Nav: Home

When birds of a feather poop together

May 17, 2017

Studying the effects of great cormorant droppings on water reservoirs is a dirty job, but someone's got to do it.

At the Maji Agricultural Reservoir in Wonju, Gangwond-do, South Korea, that someone is Tae Kwon Lee. Lee regularly jogs around the reservoir. One day he noticed large black birds completely covering the small island in the lake. The black birds were great cormorants, a type of large water bird, and the trees on the islet were completely covered in the birds' feces. As time passed, Lee made another observation: the lake suffered a severe algal bloom.

Algal blooms deplete oxygen in lakes, produce toxins, and end up killing aquatic life in the lake. This sequence of events got Lee wondering: Did the bird feces cause or contribute to the algal bloom?

The Maji reservoir is an important water source for local farmers who use the water for their crops in the summer. Maintaining water quality is important. About five years ago, the cormorants showed up and now there are 300-500 great cormorants inhabiting the lake and islet. That's a lot of birds and a lot of bird feces, so it's important to understand how the bird feces affects the water. The bird droppings are rich in phosphorus and nitrogen, and when it gets into the water, it adds those nutrients to the water.

Adding nutrients to an existing ecosystem can have a cascading effect. "The feces can influence not only water quality but also whole ecosystems including plants, soil, and other birds," explains Lee.

Lee designed a microcosm experiment to test his hypothesis. He collected water, sediment, and yes, cormorant droppings, and created 14 miniature ecosystems. Each microcosm contained the same amount of water and sediment from the lake. Then Lee added .5 g, 1.0g, and 5.0g of cormorant droppings to the microcosms. Over the next 21 days, he tested samples of the water. Specifically, he was looking to see if the feces affected the amount of nitrogen, phosphorous, and other nutrients in the water.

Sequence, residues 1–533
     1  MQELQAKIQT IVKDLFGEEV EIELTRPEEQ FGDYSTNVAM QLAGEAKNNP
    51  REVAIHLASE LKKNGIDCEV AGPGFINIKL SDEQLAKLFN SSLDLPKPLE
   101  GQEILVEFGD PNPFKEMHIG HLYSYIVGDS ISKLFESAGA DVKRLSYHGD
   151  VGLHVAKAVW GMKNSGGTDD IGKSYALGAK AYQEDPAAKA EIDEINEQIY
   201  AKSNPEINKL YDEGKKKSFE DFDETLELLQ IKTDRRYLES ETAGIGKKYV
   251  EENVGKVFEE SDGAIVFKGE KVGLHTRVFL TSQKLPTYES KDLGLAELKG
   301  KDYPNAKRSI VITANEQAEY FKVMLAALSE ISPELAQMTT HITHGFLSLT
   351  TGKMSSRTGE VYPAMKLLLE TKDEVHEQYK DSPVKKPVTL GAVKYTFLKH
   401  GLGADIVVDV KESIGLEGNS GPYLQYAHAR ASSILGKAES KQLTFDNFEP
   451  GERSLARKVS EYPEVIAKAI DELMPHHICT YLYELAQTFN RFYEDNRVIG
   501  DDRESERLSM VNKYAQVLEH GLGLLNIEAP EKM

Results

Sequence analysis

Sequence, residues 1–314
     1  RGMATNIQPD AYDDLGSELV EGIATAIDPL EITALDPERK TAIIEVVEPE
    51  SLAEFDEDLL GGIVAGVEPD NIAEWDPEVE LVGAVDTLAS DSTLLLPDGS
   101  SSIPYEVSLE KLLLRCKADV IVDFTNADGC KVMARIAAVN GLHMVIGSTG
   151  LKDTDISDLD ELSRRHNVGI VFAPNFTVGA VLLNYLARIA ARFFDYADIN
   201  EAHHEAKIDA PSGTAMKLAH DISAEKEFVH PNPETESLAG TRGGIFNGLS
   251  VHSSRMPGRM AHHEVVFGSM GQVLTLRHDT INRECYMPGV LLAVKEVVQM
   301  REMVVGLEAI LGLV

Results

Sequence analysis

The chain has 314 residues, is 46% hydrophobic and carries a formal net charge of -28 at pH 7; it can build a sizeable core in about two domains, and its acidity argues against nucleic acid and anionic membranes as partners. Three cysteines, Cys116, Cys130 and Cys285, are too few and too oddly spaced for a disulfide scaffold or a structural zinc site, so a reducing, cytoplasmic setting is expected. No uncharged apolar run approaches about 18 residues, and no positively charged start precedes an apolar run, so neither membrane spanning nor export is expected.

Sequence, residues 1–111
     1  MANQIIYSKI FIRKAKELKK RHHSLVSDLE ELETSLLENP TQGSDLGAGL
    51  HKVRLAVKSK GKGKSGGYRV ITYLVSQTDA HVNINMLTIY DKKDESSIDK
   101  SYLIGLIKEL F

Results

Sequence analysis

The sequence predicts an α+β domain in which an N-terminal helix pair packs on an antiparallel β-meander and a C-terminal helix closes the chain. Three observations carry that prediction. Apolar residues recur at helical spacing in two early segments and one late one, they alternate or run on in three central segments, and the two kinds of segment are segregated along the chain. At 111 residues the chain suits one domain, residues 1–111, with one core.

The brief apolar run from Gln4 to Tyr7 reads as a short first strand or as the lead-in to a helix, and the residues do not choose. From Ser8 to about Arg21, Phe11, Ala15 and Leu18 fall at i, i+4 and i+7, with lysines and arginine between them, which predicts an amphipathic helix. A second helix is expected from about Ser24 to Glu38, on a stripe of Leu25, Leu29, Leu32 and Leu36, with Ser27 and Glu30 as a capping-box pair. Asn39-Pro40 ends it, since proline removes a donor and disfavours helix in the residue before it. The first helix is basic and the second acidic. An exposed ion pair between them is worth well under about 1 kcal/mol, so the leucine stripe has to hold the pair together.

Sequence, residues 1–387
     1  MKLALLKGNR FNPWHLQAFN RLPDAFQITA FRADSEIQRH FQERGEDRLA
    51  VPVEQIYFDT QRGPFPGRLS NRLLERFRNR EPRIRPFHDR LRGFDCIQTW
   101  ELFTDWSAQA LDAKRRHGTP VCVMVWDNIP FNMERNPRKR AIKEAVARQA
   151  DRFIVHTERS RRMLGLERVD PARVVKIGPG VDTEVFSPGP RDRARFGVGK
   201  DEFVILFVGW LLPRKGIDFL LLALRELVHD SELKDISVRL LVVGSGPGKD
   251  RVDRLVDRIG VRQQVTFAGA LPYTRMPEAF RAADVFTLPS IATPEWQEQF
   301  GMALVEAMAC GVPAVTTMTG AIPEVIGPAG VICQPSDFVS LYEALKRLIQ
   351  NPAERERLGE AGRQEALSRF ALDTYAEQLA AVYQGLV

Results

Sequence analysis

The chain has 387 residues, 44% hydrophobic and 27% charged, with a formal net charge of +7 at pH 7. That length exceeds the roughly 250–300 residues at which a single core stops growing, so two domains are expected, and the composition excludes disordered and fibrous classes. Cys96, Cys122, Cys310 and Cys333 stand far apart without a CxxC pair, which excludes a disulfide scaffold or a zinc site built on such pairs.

Lee found that even a small amount of cormorant feces was enough to produce noticeable changes in the nutrient conditions of the water. These could be long lasting: "Furthermore, feces in the water acted as a nutrient source for days," said Lee.

Lee also analyzed both the water and the sediment to document changes to the microbial (bacterial) communities.

While the microbial community of the water was only significantly affected when 5.0g of feces was added, the microbial community of the sediment was impacted by smaller amounts of feces. Based on his findings, Lee can't blame the algal bloom completely on the cormorants. But Lee thinks their feces may have some influence, since chlorophyll concentrations, signaling more algal growth, doubled after adding only 0.5g of feces to the microcosms.

"Our results confirmed the changes in nutrient condition and microbial community in water caused by a small amount of feces," Lee concluded. "Fecal input may adversely affect the condition of the reservoir, bringing about undesirable changes such as algae bloom."

Lee recognizes the limitations of his experiment. "Microcosm experiments give researchers more control over variables normally not possible in the real world. But the results don't fully represent what happens in the real world because the microcosm can't completely mimic the real environment," he explains.